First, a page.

Kevin Pietersen too has entertained, but he has brought with him his own controversy, the way that only KP – genius, mould-breaker, shit-magnet – can do. He got himself into a bit of hot water the other week when he ascribed English attitudes to the IPL as jealousy. There was some confusion as to where and when (and if) the “jealousy” word was uttered, since Pietersen seems to have done more than one interview that day, but it provoked a fair amount of blustering and sputtering in the UK press. Coming so soon after his 151 against Sri Lanka at Colombo, lauded as one of the finest Test innings ever seen, and while English county cricketers ply their trade in freezing wet conditions on seaming spring wickets, it’s been another stark and discombobulating contrast. We’re not in Kansas anymore, Toto, and we’re not at The Oval freezing our extremities off, either, while waving arthritically to the pavilion for another jumper and a pair of hand warmers.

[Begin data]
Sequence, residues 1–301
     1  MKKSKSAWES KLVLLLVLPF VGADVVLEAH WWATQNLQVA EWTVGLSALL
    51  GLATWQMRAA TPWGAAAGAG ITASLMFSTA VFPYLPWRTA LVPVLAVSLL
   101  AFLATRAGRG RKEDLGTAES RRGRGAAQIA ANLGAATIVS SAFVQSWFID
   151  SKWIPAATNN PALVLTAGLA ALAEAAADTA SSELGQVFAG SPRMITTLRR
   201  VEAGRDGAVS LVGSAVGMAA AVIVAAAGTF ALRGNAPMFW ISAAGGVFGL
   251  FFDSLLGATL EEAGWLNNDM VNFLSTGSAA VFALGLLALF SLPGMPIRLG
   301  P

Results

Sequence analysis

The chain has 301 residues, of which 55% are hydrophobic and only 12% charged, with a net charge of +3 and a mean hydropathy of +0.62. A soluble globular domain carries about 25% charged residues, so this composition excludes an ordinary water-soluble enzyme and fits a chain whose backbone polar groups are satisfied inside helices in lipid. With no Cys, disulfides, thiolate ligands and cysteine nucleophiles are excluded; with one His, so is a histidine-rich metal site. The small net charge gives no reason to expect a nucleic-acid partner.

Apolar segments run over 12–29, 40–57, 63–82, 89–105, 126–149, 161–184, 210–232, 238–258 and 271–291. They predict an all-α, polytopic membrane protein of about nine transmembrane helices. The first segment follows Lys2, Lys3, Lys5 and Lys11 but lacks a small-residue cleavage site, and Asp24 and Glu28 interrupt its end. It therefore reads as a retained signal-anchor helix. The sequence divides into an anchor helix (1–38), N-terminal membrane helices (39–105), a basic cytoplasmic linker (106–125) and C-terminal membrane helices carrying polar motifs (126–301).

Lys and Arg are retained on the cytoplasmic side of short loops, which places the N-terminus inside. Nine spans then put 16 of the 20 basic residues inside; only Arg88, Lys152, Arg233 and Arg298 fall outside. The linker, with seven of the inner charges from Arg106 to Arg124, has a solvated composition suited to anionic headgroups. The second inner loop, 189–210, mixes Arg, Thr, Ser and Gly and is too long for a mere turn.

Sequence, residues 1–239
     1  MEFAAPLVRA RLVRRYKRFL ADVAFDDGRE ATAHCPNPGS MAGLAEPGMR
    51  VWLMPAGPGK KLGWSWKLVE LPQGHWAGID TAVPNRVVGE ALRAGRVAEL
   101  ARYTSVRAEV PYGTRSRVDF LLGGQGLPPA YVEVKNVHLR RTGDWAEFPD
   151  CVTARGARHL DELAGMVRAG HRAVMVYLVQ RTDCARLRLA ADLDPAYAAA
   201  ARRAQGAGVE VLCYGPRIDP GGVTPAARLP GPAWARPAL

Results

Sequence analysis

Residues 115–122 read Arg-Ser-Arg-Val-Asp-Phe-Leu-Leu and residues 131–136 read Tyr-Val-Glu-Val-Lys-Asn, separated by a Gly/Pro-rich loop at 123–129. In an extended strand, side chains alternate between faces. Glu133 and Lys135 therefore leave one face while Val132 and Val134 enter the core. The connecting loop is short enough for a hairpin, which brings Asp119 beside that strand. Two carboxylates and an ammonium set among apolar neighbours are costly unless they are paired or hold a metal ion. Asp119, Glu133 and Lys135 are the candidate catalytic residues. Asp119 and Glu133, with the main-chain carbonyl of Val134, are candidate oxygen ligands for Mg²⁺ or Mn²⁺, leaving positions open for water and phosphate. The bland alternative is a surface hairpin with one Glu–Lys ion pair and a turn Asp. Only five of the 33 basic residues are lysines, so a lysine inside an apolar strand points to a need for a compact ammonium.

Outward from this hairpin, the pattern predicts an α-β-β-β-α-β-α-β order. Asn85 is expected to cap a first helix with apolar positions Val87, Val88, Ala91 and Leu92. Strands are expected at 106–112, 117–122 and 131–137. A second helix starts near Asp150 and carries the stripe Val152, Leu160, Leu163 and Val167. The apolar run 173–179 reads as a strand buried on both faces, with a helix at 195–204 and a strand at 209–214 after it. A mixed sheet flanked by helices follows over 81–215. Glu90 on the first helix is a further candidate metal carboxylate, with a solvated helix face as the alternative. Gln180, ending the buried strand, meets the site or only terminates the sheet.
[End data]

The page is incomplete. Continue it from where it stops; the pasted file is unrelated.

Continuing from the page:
Judging by all the tub-thumping that occurs on Twitter and forums this time every year, there doesn’t seem much room for doubt in this brave new world – you’re either a clued-up progressive who moves with the times and accepts the IPL and all its various copycats as a logical, entertaining result of the sport’s snowballing commercialisation, or you’re derided as an antediluvian dinosaur (the term used to be “purist”, but you’re more likely now to be branded simply a snob) if you dare to venture a preference for the longer form. Kerry Packer’s World Series Cricket has been cited many times in comparison as a similar gamechanger – once the dust had settled players were better paid, scoring rates in Tests became faster, the world did not end – but I’m resistant to the simplistic view that history repeats itself. True, both tournaments had their genesis through a desire for money and power, but the riches and influence have changed hands since Packer’s time. The lure of a large pay-cheque for a few week’s work continues to provide a headache for county and national administrators when it comes to fixture clashes and player availability. It’s an issue that’s grumbled about but continues more or less to be tiptoed around, lest the inevitable “restraint of trade” threat raises its head. You cannot blame Chris Gayle for helping his bank account by plying his trade in a variety of T20 tournaments. Hell, he’s great entertainment, and he’s making the most of the opportunities available to him. But he will be helping his country – and cricket – more when the WICB allows him back into the Test fold rather than treating him like a rebellious teenager.